The nationwide research by the Gay, Lesbian and Straight Education Networkdiscovered that 42% of lesbian, gay, bisexual and transgender youths have experienced bullying online, compared to 15% of non-LGBT people.
They were also twice as likely to report being hassled via mobile phone message, with 27% reporting harassment, compared to 13% for non-LGBTs.
As a result of this bullying, the middle and high school pupils surveyed suffered low self-esteem, a higher chance of developing depression, and lower school grades.
However, some of the children reported that the internet provided them with greater support from their peers, access to useful health information, and more opportunities for community activism.
The study found that LGBT youth were almost twice as likely to look for medical advice online, with trans young people being the most likely.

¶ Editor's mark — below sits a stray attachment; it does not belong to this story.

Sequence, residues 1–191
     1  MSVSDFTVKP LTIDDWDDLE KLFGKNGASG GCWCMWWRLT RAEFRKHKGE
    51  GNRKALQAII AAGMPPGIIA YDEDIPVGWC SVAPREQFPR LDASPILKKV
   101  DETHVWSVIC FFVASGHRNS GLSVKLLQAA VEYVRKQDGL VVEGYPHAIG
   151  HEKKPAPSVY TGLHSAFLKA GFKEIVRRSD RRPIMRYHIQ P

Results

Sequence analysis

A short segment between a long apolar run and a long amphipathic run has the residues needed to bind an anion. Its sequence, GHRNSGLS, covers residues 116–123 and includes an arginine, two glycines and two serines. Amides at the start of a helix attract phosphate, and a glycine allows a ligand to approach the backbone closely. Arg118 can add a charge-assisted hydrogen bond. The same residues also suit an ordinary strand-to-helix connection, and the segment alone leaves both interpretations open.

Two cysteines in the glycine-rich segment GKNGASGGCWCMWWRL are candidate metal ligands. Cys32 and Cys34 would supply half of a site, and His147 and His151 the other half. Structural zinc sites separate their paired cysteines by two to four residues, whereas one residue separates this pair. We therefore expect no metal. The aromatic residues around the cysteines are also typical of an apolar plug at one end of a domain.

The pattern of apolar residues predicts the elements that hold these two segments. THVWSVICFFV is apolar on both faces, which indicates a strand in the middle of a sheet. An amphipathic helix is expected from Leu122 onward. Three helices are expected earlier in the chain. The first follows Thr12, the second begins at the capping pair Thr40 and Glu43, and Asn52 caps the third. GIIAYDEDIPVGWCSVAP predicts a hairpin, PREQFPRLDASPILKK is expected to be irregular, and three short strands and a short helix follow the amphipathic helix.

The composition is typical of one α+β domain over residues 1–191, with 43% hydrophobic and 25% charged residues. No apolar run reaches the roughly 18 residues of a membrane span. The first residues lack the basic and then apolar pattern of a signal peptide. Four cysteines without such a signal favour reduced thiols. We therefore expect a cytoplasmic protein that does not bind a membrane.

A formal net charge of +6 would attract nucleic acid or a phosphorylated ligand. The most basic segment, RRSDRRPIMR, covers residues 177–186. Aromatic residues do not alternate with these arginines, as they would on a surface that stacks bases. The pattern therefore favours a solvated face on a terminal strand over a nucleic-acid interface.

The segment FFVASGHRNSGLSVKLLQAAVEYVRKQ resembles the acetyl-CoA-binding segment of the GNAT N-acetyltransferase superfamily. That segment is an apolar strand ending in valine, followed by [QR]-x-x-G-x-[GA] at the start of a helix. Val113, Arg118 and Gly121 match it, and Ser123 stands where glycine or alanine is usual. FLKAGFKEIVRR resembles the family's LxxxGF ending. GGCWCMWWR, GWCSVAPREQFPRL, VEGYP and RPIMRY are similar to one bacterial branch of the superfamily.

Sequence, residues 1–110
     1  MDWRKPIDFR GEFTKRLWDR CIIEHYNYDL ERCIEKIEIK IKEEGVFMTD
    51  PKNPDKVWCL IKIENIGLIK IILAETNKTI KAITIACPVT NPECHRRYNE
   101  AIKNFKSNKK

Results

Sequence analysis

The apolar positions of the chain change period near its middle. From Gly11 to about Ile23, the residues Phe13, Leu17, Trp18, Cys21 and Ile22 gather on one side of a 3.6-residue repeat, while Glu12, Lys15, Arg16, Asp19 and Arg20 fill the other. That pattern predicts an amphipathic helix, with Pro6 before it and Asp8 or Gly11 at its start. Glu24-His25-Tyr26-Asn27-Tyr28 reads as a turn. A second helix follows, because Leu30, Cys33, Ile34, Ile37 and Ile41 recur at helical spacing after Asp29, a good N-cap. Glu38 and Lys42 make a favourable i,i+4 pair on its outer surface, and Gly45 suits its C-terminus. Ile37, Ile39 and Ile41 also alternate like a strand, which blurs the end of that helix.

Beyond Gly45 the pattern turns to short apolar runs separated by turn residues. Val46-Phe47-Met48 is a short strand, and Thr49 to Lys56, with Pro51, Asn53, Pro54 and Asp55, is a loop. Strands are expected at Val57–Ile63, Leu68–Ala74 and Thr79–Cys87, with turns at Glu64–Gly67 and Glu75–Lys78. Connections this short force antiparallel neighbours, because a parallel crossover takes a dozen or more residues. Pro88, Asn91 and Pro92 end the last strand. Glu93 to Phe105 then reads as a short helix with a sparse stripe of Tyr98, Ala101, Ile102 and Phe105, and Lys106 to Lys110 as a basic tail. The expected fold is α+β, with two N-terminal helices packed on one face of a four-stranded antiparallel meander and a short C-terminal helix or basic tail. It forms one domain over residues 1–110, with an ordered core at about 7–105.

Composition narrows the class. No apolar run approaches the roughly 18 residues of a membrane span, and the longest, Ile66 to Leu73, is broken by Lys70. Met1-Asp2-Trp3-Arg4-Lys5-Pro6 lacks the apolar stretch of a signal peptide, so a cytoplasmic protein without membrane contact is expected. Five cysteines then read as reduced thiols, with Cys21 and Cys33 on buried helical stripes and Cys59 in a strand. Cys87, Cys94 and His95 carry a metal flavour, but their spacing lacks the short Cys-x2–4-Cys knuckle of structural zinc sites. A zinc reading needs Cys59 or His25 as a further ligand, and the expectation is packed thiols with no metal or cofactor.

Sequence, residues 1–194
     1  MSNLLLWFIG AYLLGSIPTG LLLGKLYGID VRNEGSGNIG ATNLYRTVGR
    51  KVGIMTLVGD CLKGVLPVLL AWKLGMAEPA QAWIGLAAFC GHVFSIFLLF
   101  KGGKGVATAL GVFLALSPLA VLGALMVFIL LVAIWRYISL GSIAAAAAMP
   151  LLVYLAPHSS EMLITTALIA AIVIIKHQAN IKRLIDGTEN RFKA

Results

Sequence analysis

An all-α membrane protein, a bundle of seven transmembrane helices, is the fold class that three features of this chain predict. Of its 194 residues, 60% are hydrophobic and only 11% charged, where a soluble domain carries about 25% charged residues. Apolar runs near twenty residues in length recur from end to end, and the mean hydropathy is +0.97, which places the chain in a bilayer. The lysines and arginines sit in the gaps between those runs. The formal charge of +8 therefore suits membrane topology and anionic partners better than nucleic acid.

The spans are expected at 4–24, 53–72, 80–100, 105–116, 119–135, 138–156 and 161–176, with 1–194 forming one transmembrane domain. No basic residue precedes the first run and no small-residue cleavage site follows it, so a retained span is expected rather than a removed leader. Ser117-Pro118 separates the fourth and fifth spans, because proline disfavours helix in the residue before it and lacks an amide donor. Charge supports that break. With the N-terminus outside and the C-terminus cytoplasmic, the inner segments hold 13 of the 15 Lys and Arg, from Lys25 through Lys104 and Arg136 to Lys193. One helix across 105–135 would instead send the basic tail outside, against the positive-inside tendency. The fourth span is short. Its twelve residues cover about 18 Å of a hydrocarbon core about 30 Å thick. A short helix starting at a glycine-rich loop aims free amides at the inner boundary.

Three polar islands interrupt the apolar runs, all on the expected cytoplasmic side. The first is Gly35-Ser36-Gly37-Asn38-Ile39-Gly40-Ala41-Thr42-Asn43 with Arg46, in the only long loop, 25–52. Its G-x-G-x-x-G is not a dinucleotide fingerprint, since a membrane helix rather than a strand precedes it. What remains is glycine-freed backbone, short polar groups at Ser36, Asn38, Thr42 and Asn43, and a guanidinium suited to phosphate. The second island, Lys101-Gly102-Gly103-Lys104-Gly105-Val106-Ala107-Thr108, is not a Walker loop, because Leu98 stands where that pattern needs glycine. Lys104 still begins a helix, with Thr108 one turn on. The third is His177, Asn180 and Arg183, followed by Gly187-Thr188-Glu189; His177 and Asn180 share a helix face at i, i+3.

GLSEN exec Dr. Eliza Byard said: “The Internet impacts almost all aspects of our lives, but is particularly entrenched in the lives of youth, who are the most connected people online in our society.
“LGBT youth continue to face extraordinary obstacles in their day-to-day lives whether at school or online, but the Internet can be a valuable source of information and support when they have no one or nowhere else left to turn to. As social media evolve, so must our efforts to serve LGBT youth to ensure their safety, health and well-being.”
Michelle Ybarra, the president and research director of the Center for Innovative Health Research, said that the internet “offers LGBT youth critical tools for coping with these negative experiences”, and therefore “does not serve to simply reinforce the negative dynamics found offline regarding bullying”.
Research in 2012 found that there had been a significant increase in teenage suicides, including suicides after homophobic bullying, in United States, Canada, the United Kingdom and Australia.